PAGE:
Baubles of Bone: Artist Uses Morbid Medium in Jewelry Line
one UWEC student is changing the definition of art with an unusual and unsettling medium: bones
UW-Eau Claire student Kala Rehberger has brought a morbid medium into her jewelry creations: bones. That’s right – she has incorporated snake vertebrae, raccoon teeth, and rabbit bones into metal-frame and resin earrings.
And don’t worry, the teeth are ethically sourced. She purchases her teeth from a taxidermist couple on Etsy, and the bones are retrieved from already-dead animals.
This is my style, and this is what I want to stick with.
UWEC STUDENT AND LOCAL ARTIST
This unusual and unsettling look has raised many eyebrows, but Rehberger loves it. She attributes her love for morbidity to genetics.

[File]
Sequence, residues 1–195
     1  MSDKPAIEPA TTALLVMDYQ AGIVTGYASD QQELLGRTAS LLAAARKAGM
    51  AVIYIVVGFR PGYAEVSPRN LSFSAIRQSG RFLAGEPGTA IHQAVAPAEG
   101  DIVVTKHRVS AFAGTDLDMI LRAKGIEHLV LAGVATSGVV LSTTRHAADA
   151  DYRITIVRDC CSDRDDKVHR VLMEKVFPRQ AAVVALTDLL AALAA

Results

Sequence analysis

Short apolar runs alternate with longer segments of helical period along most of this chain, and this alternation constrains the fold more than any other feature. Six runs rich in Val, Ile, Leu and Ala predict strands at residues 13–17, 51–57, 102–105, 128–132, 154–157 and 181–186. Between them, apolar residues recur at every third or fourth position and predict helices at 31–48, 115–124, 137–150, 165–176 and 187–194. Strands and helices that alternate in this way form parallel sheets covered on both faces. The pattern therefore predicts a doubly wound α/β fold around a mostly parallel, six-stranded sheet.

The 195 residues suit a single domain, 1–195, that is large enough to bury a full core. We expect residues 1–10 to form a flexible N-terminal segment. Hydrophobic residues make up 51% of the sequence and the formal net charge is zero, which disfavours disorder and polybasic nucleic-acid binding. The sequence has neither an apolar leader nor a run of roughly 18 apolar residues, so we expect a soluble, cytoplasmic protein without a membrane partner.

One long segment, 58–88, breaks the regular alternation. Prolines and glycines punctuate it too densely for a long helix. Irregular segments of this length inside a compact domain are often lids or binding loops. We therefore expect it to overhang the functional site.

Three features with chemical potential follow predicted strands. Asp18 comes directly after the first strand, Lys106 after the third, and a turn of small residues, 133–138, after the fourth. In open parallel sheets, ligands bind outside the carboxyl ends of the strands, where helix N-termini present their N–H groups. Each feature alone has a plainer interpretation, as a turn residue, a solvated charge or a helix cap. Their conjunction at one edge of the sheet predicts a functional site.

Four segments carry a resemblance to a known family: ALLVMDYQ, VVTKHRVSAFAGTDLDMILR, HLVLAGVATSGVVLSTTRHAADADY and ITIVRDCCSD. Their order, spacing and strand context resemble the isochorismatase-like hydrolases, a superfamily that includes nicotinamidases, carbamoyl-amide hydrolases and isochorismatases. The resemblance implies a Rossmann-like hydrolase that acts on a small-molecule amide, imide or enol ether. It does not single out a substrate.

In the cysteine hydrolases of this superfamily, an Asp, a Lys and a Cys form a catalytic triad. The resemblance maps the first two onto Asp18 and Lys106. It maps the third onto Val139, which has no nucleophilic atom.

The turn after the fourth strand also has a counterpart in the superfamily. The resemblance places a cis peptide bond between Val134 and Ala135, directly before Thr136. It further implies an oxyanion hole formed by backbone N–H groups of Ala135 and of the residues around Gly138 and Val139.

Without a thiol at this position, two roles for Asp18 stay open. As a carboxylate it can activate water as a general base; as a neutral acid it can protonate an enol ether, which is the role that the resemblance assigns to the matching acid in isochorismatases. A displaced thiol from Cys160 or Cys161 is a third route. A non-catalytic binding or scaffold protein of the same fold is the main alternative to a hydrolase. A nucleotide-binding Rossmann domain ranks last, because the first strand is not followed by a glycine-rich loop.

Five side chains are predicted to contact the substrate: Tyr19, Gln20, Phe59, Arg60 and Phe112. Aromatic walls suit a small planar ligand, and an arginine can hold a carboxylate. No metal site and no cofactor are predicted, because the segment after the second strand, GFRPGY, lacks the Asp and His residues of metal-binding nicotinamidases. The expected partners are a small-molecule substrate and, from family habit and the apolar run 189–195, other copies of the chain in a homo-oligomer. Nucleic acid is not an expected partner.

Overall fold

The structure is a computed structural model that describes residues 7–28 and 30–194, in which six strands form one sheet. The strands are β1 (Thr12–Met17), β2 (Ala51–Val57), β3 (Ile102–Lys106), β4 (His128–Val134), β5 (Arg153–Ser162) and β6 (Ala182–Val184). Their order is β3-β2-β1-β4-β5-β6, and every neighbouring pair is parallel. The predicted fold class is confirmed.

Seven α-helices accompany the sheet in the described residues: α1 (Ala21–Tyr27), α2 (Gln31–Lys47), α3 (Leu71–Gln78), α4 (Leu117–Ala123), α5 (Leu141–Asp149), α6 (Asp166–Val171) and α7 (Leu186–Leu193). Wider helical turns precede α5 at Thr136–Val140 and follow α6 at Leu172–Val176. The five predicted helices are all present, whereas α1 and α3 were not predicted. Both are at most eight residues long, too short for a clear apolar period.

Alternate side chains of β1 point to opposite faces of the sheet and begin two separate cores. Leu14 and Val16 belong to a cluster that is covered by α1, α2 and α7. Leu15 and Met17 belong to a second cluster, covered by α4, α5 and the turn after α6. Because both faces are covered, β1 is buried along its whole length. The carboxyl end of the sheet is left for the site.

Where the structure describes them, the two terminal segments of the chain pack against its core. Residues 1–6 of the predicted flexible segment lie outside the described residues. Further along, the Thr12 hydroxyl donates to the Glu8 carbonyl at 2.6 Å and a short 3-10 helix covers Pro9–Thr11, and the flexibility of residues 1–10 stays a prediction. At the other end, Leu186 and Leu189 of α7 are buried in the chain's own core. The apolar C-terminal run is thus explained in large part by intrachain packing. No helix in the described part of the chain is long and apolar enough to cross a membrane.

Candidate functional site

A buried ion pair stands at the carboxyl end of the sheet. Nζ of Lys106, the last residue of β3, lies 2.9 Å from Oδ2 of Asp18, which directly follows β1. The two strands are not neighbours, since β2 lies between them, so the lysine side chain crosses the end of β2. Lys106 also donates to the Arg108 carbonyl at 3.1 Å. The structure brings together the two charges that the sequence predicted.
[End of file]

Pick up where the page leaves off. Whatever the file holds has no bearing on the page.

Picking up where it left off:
“My grandpa was into that stuff,” she said. “He’s been to so many oddity festivals. He has his own piano room with a bunch of skulls, Salvador Dalí prints, and Edgar Allen Poe (works).” From a young age she remembers being drawn to these oddities herself.
Rehberger is not the only creative around the Chippewa Valley to find beauty in the dead. She recalled a friend bleaching all the bones of a dead rabbit, found in her backyard, and reassembling them in a frame. She has also seen other artists work with materials such as porcupine quills and antlers.
After experimenting with various mediums for jewelry making – such as clay and polymer clay – this is a style that has really hit its mark with Rehberger (no pun intended).
“This is my style and this is what I want to stick with,” Rehberger said.
She also makes functional ceramics and pressed-flower resin jewelry.
Rehberger wants to become an art therapist and is currently pursuing majors in ceramics and psychology. She enjoys blending art and psychology, and aims to convey psychological concepts through her works.